Single-Hung Window Energy Efficiency

October 11, 2010

Single-hung windows offer natural energy efficiency due to the fact that only one of the sashes opens, while the other remains fixed. While single-hung windows are less common today, they are still available as new windows and as replacements, and they offer the advantage of generally being cheaper than double-hung or casement windows. The efficiency of single-hung windows is important to consider when making your purchase.

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The energy-efficiency rating of a window is based on three different factors, regardless of the style of window. The first consideration is non-solar heat loss and gain; anything that heats or causes your home to lose heat, including conduction, convection, and radiation, falls into this category. Then there is the obvious impact of the sun on your windows and home and the related solar heat gains. Finally, airflow is looked at; opening your window is one thing, but if your window lets airflow in and out due to bad installation or design, or maybe loose, damaged seals, this can send your energy bills skyward.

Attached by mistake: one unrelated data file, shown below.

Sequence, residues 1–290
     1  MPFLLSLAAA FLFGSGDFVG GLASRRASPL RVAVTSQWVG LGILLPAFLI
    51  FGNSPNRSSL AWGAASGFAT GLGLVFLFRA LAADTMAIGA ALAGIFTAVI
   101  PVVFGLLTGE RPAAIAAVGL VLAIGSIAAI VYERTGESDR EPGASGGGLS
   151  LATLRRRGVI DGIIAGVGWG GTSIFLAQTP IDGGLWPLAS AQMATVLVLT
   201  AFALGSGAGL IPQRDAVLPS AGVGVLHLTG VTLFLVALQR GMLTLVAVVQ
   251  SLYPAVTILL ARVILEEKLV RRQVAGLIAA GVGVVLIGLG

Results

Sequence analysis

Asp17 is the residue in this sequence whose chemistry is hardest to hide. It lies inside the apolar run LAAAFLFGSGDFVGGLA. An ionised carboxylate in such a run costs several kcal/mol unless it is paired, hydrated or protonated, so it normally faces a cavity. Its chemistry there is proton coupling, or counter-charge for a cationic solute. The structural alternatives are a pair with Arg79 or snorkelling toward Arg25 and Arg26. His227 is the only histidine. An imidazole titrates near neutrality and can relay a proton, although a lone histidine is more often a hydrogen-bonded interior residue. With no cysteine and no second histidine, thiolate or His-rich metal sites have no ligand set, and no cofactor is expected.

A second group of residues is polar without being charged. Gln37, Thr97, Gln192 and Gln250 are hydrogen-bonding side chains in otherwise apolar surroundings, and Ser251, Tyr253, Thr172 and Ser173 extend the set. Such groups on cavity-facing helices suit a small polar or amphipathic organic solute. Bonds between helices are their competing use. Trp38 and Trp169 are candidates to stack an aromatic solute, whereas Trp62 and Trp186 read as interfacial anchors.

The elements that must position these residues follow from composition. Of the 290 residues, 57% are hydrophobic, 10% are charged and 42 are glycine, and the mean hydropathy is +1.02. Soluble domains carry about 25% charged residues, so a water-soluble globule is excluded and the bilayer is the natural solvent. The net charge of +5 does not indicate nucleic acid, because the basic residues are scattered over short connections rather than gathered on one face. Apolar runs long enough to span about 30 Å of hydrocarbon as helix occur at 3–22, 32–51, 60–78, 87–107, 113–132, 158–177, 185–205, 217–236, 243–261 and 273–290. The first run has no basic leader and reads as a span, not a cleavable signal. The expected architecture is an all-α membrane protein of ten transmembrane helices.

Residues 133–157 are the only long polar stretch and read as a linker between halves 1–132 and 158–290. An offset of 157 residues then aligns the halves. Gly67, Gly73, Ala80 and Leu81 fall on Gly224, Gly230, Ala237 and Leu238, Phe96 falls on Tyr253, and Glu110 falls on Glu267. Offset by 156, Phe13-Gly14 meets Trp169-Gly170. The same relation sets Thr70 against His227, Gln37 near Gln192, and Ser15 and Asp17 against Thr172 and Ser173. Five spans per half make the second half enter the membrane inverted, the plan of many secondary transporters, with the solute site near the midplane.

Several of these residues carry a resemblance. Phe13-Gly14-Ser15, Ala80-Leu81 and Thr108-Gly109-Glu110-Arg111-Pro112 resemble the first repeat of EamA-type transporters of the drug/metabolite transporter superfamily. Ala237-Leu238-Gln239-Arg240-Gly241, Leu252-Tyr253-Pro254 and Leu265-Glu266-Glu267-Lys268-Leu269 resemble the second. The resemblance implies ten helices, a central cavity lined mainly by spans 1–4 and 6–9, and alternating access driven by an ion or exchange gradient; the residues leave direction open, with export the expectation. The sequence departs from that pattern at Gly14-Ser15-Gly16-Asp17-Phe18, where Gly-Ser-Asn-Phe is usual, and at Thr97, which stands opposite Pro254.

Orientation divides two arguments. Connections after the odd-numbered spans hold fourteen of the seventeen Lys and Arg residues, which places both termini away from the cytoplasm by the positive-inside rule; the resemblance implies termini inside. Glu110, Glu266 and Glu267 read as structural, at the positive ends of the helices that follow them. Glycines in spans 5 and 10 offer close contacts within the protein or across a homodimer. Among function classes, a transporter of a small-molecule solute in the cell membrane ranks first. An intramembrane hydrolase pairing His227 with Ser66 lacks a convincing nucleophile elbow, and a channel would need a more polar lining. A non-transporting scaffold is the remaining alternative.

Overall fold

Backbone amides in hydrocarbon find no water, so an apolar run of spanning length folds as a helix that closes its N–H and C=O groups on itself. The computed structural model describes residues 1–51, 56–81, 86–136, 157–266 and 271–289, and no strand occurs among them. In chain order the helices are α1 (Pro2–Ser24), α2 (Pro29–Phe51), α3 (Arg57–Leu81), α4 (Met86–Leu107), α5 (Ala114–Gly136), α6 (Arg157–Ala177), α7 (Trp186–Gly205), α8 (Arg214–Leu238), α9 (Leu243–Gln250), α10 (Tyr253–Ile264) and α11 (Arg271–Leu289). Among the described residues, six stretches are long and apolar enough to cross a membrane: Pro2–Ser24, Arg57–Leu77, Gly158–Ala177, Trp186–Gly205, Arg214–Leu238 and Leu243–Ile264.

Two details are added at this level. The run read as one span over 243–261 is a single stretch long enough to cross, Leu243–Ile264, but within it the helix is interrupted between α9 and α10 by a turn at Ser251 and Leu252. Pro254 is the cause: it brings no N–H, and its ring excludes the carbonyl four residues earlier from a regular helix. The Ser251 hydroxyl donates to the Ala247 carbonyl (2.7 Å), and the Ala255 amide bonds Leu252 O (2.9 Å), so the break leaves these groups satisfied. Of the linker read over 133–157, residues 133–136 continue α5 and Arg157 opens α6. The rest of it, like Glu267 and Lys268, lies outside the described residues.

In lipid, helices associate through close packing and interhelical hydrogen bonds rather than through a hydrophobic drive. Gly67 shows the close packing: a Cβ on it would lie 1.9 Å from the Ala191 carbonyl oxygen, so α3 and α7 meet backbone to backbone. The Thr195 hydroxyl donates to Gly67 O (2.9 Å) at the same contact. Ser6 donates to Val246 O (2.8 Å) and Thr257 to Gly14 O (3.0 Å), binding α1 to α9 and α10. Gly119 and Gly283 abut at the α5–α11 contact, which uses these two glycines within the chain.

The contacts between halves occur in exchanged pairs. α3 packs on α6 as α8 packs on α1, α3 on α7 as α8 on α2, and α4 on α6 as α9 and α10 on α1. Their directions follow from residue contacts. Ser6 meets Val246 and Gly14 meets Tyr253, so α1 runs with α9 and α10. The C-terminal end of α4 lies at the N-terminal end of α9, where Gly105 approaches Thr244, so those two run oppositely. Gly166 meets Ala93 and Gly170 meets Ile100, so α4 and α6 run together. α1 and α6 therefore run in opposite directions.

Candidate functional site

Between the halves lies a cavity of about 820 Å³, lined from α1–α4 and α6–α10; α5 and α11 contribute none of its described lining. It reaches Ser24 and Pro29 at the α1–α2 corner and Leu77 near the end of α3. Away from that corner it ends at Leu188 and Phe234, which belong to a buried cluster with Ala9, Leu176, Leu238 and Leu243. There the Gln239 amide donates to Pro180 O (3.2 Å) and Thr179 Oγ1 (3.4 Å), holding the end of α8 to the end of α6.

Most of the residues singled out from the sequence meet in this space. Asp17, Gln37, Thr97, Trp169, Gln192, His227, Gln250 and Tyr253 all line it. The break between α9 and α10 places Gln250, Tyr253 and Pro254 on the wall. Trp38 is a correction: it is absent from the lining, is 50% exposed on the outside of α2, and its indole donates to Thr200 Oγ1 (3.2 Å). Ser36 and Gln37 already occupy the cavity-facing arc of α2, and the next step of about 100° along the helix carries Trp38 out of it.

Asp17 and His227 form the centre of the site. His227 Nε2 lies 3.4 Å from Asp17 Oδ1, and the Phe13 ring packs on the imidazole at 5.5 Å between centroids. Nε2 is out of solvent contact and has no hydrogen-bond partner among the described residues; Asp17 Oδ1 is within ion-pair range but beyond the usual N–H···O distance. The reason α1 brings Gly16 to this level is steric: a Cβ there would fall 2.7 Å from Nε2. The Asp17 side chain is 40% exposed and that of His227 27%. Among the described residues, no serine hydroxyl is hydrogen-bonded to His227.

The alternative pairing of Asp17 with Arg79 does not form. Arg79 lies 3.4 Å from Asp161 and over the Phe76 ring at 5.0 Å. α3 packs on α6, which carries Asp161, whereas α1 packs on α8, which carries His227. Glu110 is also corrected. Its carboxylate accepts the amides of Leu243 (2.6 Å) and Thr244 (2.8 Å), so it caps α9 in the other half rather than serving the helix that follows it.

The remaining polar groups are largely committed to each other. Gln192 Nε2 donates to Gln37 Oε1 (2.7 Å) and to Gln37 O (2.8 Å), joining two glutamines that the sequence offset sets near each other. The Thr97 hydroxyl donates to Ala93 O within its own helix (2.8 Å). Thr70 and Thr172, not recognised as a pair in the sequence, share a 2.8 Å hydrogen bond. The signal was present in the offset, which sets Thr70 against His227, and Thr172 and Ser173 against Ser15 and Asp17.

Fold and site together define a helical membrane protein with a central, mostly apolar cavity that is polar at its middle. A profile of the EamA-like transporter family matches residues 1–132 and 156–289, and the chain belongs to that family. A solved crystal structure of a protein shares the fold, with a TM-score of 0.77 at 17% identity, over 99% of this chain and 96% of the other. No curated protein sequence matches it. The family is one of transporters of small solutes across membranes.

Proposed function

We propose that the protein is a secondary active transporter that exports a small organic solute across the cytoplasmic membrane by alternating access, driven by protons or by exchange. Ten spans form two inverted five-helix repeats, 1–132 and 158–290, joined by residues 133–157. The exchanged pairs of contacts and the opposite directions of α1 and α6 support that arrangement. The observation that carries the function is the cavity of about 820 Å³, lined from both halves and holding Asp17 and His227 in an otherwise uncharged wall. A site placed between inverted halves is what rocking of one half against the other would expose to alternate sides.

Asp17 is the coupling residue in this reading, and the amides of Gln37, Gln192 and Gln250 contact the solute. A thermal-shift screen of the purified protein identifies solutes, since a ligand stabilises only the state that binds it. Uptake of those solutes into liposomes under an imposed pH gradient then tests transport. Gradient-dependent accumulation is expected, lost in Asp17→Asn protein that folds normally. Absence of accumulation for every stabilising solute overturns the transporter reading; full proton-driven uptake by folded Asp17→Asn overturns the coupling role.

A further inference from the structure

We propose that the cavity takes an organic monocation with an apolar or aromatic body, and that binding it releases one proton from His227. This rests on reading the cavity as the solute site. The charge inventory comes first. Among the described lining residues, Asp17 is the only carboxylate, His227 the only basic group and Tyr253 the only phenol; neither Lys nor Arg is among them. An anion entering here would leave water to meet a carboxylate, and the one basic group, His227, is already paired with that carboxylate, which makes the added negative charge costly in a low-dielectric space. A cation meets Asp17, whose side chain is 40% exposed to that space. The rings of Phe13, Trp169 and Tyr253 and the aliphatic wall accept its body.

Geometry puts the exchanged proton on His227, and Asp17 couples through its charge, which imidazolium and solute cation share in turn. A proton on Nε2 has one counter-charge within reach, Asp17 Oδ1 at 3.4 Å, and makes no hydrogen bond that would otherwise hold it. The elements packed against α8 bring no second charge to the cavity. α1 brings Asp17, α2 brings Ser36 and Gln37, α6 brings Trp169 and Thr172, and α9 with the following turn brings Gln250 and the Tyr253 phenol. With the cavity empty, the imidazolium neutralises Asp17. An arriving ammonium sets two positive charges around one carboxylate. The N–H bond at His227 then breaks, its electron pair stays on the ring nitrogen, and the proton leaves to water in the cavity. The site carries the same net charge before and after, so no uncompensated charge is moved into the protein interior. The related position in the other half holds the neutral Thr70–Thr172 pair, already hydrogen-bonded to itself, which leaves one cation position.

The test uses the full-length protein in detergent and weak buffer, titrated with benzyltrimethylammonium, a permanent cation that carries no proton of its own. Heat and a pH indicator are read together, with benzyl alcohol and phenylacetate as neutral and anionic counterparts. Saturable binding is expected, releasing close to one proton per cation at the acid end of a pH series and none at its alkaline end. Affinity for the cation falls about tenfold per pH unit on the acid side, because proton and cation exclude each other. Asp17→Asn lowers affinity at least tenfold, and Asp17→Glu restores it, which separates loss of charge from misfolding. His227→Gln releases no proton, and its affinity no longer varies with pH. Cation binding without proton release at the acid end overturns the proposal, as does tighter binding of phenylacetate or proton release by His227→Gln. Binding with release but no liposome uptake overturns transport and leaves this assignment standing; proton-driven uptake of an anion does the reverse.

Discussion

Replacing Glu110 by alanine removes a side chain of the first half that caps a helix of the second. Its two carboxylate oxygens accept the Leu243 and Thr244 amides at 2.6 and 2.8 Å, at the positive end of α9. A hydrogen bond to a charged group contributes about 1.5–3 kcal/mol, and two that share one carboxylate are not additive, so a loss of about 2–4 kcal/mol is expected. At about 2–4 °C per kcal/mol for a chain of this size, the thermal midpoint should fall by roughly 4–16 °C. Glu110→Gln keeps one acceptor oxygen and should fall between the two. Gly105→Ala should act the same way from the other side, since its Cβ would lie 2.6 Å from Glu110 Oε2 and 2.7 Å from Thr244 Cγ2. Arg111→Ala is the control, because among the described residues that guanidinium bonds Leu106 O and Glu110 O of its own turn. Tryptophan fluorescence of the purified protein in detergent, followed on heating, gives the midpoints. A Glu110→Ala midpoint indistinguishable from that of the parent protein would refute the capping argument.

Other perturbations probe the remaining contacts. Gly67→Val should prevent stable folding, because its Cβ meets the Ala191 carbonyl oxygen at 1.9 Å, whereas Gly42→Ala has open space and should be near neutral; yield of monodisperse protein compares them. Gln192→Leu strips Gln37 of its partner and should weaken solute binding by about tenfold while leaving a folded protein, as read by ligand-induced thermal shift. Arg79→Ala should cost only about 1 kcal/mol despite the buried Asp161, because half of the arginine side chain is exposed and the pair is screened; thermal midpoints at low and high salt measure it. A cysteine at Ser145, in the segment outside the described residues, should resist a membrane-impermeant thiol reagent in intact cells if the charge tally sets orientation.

Single-hung windows can be found with double-paned glass, which increases the energy efficiency along with helping keep outside sounds from coming inside. You should also look for single-hung windows that are coated or glazed to maximize the climate you live in; you can find high solar gain glazing to help retain more of the sun's heat if you live in a cold area, or buy windows with a reflective coating to repel the sun if you live in a warm climate. Whatever features your single-hung windows have, energy efficiency can be improved by having them professionally installed.

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